University of South Florida


Community members learn CPR

Educating for emergencies: USF nursing professor hosts active shooter and mass casualty training program for the community

Active shooter and mass casualty events occur too frequently, prompting an urgent dialogue about prevention and response strategies. Following a rise in church shootings in 2021, Dr. Janet Roman, a professor at the University of South Florida (USF) College of Nursing (CON), initiated efforts to educate and equip the community for these crises.

Dr. Janet Roman speaks to attendees.

Dr. Janet Roman leads post-simulation discussion with attendees.

“I am trained in all these processes and in how to save a life, but I realized that if I were in a church where something happened… I can’t save everybody,” says Roman.

It was this thought that inspired her active shooter preparedness program. In collaboration with the Largo Police Department (LPD), Roman designed a community event that went beyond the scope of typical active shooter training by adding and emphasizing healthcare education and crisis management.

After learning the essentials of how to navigate an active shooter scenario with LPD, attendees continue to medical training with the USF Medical Response Unit and CON students. They train on AED’s, CPR, how to stop the bleed, de-escalating frantic patients, and triaging mass casualty victims. This hands-on training culminates in an active shooter mass casualty simulation led by the USF CON Simulation Team.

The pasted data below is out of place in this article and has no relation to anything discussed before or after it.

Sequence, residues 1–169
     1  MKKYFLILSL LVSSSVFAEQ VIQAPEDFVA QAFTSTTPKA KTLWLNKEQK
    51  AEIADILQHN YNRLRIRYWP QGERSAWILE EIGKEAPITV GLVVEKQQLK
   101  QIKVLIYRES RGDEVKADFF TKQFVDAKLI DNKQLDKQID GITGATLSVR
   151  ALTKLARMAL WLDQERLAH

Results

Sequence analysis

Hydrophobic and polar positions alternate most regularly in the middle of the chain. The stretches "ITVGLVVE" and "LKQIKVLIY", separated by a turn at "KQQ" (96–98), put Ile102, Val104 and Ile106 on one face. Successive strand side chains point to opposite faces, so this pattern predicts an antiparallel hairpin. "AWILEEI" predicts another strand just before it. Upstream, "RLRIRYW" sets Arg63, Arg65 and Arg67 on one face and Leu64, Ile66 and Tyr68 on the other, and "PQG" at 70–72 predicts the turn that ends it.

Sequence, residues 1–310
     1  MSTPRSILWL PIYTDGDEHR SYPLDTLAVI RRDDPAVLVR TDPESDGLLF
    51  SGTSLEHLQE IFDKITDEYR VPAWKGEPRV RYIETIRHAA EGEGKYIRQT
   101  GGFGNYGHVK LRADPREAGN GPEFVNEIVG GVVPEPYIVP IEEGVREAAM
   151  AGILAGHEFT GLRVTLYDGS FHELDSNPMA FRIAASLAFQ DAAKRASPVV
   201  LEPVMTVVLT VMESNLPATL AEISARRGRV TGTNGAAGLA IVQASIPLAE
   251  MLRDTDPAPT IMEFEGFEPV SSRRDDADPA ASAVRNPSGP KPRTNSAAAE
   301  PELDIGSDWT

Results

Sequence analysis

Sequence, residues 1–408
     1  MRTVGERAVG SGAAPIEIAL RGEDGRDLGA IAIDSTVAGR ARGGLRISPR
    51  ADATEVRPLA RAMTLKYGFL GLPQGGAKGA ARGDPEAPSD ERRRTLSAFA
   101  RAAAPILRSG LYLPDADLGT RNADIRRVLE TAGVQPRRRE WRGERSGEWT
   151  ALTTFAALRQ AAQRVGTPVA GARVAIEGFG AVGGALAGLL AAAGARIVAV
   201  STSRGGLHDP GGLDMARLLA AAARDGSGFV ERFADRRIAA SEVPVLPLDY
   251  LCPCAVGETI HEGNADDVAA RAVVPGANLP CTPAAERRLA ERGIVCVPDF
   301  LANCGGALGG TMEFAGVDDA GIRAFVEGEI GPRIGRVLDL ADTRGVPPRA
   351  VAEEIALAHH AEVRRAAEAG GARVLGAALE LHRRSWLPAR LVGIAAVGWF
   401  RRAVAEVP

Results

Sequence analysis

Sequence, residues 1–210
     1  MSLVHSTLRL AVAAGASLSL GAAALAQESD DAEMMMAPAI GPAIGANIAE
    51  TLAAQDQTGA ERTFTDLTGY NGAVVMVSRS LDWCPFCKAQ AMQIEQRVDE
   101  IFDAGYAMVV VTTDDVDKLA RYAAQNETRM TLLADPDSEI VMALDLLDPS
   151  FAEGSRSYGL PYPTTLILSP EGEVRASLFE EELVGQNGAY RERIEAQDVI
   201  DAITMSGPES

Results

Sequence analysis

For this scenario, the simulation team utilizes moulage, or wounds designed with makeup, on actors simulating patients to create a realistic and stressful environment.

“Realistic wounds create a high-fidelity, controlled environment that makes training feel real, eliciting genuine responses,” says Julie Fitzsimmons, USF CON Simulations Operations Assistant and Licensed Cosmetologist. “Participants engage more deeply, react instinctively, and develop practical trauma management skills.”

Participant asseses patient during mass casualty simuation.

Participant asseses patient during mass casualty simuation.

In a successful simulation, attendees can clearly communicate to first responders which patients needed help first. After analysis of the 2022 event, Roman found that 97% of attendees reported an increased confidence in communicating with their patient and relaying information to other providers on scene.

Roman has presented on her program and its finding to Southern Nursing Research Society and the American Association of Heart Failure Nurses. After concluding her third event earlier this June, Roman looks forward to sharing the data and continuing to educate the community.

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